Unfortunately many kinds of fermentation produce CO2 as a byproduct, so the presence of bubbles hardly give you more information than 'it is alive'.
If what you want is a precise identification of what strain of yeast and bacteria are present in your starter, I see no easier way than looking under a microscope or making a laboratory analysis.
If you just want to heuristically determine if yeast or bacteria is present, the easier way is to guess from the taste and smell profile of your starter. The guess can be more or less polite depending on your training, just like in wine tasting.
alcohol smell hints for the presence of yeasts, the most common agents responsible for the alcoholic fermentation.
vinagre smell is associated to acetic acid, which is the subproduct of the fermentation of glucose by bacteria of the AAB (acetic acid) family.
acetone (nail polisher) smell is usually associated to the presence of ethyl acetate, the esterification of ethanol + acetic acid. Thus my guess here would be the presence of both bacteria from the AAB family and yeast, which produces the ethanol via the usual alcoholic fermentation.
sour taste / smell (like yoghurt) is usually associated to lactic acid, byproduct of lactic fermentation which hints the presence of bacteria from the LAB family.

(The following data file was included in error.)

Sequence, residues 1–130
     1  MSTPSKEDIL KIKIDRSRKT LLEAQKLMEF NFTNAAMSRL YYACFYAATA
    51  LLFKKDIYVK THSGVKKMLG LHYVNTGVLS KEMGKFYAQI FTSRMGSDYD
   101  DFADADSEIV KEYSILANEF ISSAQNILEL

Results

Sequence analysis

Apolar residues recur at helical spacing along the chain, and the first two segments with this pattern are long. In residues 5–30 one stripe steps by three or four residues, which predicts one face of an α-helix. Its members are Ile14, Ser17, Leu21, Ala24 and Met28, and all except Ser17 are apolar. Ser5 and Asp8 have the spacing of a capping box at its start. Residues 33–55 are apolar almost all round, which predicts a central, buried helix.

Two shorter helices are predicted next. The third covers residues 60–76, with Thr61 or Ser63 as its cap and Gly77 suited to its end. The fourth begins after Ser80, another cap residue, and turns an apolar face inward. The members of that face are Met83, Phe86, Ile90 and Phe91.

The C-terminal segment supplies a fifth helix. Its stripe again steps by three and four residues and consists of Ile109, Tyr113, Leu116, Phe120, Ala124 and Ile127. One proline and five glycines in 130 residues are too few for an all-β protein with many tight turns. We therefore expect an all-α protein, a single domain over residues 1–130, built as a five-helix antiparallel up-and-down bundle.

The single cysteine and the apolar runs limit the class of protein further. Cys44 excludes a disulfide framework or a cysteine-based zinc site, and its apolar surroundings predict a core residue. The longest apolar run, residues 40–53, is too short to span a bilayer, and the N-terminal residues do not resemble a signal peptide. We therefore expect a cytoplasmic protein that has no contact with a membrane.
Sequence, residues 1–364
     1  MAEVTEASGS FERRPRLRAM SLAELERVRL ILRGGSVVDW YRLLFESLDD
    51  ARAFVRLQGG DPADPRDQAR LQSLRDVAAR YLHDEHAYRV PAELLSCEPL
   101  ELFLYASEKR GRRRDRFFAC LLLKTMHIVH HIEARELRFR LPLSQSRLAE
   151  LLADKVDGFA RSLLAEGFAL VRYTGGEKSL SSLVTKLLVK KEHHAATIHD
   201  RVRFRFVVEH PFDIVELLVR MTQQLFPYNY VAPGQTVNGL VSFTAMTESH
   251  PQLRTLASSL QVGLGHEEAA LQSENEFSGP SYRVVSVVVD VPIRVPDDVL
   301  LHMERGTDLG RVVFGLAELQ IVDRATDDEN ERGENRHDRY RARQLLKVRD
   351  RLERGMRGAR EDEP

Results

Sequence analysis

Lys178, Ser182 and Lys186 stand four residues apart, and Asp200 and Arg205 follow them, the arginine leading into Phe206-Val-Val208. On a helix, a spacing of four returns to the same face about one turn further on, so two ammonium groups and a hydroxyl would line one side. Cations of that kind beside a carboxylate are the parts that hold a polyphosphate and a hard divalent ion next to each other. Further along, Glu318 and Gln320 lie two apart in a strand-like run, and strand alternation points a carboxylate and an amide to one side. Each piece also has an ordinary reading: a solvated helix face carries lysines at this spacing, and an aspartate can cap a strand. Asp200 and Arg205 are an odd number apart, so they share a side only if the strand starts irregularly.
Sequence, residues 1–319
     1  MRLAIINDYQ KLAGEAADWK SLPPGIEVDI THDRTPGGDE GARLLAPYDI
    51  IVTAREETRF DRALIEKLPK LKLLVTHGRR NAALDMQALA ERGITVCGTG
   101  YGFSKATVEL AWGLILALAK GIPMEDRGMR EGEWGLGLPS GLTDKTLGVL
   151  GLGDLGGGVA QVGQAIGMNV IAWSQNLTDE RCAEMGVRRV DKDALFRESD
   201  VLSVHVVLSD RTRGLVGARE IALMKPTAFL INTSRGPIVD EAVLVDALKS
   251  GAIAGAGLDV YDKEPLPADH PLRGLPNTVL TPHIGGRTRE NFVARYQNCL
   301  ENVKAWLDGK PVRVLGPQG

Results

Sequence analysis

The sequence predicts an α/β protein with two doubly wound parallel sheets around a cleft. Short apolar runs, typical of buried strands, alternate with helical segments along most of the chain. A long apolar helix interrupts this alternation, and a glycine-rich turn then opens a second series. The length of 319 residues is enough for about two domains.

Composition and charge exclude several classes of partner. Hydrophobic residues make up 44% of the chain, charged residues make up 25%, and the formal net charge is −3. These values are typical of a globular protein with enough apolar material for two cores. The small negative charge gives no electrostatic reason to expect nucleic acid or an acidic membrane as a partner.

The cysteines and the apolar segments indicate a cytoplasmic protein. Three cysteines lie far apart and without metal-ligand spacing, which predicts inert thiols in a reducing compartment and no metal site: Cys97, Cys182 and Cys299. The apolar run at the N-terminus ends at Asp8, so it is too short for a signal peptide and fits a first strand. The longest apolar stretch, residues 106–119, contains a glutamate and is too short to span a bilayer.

These are the most obvious examples, but you could go fancier and try also to identify more subtle notes like specific fruits tones associated to some esters, etc. A good place to learn about those things are the ressources in brewing websites, specially in what concerns wild beer (lambic) - a process somehow similar to cultivating a sourdough starter. See for example this thread or this wiki.
Note that it is very likely that what you actually have is a combination of these processes. And as the acetone smell example shows, the combination of two processes can lead to more than the simple sum of their byproducts. It is also important to keep in mind that some of these molecules can produced by both bacterias and yeasts (like ethanol, although yeasts are usually more efficient). This is what makes a sourdough culture complex and unique. Changing the hydration of your culture, you also change the balance of bacterias and yeasts, since certain strains are more or less hydrophilic.